That is why everyone except Apple fans look at market share.. do you realize in terms of units the difference a 1% market share has?.. 1% probably represents over 1 million units. At that scale, you can definetly still make more profit while selling each item at a lower price. I realize this is a difficult concept for apple fans to grasp, hence why i included basic economics for dummies above.

Your example is fine and dandy for comparing two separate venders. But what happens if it's the same vender selling two products. If 40 people decided not to buy your $50 profit item (because they switch to your $20 profit item) it will completely wipe out the profit of 100 people buying your $20 profit item. Those 60 market shares gained did not add a penny to your bottom line. Another way to look at it is that you have to sell 5 items at $20 profit to make up every 2 $50 profit item you lose.

Now this is all a moot point if you're not selling any $50 profit items. But as long as you have compelling reasons for people to keep buying your $50 profit item, why sell for it less profit or sell a cheaper version at less profit. And if OSX is the main reason why people are willing to buy your $50 profit item, then it would make no sense at all to put OSX on a cheaper item at less profit. This would only take away sales from your $50 profit item.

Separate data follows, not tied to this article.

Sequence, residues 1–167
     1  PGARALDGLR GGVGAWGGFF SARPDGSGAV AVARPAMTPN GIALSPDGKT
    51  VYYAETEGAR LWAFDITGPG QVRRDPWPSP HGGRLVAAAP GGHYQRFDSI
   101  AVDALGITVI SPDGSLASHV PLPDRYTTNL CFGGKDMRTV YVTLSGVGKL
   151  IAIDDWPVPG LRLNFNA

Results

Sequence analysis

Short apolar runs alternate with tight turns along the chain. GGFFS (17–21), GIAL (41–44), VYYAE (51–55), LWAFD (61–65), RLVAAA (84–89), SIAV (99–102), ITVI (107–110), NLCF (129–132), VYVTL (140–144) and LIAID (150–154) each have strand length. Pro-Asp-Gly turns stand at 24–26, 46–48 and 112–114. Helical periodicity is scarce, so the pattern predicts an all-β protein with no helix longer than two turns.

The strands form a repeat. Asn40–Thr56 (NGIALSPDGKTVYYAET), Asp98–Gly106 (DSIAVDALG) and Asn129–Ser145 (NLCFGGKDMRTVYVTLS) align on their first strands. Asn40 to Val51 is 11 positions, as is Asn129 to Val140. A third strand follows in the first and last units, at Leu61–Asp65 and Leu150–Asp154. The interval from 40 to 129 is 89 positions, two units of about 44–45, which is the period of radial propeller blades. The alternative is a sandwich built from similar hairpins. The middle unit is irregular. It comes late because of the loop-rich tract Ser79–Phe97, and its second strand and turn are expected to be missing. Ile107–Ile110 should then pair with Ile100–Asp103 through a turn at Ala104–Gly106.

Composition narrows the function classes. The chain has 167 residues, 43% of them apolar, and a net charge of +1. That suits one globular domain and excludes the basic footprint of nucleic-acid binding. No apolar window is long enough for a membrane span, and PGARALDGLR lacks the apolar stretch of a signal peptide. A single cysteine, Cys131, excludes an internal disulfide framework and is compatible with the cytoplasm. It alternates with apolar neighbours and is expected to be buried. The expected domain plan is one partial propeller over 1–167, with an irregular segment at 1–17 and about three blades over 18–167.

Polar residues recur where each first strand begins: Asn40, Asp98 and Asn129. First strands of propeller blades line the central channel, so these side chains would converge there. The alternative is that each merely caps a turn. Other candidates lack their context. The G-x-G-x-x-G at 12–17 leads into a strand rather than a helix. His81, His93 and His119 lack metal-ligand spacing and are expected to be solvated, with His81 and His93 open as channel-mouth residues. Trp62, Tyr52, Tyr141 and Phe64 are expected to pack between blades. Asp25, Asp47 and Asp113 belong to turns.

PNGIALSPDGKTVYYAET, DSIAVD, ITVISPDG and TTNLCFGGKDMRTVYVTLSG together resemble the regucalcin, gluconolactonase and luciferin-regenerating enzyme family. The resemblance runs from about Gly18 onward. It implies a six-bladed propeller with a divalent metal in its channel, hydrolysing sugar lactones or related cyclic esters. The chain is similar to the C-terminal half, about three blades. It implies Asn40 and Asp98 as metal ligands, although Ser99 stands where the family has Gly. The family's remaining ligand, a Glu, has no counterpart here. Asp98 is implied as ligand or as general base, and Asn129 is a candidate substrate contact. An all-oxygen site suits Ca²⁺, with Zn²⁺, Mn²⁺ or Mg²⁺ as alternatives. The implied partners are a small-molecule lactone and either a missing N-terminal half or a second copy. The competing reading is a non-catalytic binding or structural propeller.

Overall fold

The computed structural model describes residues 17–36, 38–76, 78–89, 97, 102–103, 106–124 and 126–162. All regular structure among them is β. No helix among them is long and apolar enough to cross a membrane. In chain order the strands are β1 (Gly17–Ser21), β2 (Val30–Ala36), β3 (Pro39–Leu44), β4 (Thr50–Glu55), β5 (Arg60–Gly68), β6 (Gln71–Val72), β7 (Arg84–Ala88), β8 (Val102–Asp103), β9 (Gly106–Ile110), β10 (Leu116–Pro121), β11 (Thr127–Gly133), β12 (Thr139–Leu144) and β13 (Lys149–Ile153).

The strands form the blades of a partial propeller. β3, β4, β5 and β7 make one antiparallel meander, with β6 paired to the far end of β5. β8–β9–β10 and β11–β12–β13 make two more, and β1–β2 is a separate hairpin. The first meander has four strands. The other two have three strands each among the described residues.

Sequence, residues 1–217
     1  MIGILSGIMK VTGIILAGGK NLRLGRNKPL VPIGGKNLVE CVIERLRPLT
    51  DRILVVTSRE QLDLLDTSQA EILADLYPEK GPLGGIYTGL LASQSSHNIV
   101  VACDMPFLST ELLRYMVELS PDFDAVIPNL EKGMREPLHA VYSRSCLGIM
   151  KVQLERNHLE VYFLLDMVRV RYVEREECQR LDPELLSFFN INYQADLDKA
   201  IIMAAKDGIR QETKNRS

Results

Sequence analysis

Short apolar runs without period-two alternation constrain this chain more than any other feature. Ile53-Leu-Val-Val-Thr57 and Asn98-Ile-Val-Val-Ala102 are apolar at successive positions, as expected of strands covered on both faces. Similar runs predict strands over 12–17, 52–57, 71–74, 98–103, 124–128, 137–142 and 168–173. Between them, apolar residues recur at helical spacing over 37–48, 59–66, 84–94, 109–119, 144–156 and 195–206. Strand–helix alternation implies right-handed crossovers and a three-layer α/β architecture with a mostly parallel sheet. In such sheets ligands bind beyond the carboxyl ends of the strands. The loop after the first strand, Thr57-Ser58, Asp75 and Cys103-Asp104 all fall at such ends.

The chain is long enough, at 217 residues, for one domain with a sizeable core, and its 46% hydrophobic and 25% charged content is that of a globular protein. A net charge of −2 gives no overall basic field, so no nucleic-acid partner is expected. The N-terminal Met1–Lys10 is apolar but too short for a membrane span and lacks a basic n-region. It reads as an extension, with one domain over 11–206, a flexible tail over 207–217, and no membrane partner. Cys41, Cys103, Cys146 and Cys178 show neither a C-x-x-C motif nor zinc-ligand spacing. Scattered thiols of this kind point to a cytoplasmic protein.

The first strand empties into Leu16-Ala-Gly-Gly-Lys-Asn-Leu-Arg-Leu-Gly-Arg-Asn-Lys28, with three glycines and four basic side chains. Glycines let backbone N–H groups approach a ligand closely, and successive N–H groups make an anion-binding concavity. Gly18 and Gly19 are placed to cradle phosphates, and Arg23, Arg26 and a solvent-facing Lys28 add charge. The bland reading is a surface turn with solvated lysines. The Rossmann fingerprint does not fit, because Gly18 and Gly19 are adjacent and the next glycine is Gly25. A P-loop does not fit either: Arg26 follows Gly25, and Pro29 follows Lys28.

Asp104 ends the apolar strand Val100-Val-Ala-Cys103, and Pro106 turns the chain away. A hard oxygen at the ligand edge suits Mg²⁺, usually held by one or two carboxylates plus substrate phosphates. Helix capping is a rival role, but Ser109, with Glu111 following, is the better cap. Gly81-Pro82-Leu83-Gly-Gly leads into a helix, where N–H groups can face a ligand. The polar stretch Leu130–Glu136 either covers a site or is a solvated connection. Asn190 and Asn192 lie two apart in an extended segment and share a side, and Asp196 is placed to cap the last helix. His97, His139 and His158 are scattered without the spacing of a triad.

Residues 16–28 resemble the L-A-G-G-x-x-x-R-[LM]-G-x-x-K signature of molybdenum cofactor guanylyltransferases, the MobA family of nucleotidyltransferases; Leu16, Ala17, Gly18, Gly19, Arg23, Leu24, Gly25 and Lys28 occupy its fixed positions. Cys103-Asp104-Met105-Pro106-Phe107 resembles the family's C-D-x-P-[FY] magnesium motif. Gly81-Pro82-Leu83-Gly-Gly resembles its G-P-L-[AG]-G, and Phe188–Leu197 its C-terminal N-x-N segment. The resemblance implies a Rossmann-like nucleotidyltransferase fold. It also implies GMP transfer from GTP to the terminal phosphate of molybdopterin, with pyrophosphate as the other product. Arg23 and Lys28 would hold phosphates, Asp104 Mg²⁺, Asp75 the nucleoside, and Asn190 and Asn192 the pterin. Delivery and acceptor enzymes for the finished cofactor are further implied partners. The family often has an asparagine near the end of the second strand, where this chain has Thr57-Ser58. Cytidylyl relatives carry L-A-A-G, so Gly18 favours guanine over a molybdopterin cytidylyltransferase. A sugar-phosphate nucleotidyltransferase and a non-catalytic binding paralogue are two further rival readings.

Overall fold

You learn this kind of stuff after you grasp basic economic for dummies.
post #87 of 92
Quote:
Originally Posted by DavidW View Post

Your example is fine and dandy for comparing two separate venders. But what happens if it's the same vender selling two products. If 40 people decided not to buy your $50 profit item (because they switch to your $20 profit item) it will completely wipe out the profit of 100 people buying your $20 profit item. Those 60 market shares gained did not add a penny to your bottom line. Another way to look at it is that you have to sell 5 items at $20 profit to make up every 2 $50 profit item you lose.

Now this is all a moot point if you're not selling any $50 profit items. But as long as you have compelling reasons for people to keep buying your $50 profit item, why sell for it less profit or sell a cheaper version at less profit. And if OSX is the main reason why people are willing to buy your $50 profit item, then it would make no sense at all to put OSX on a cheaper item at less profit. This would only take away sales from your $50 profit item.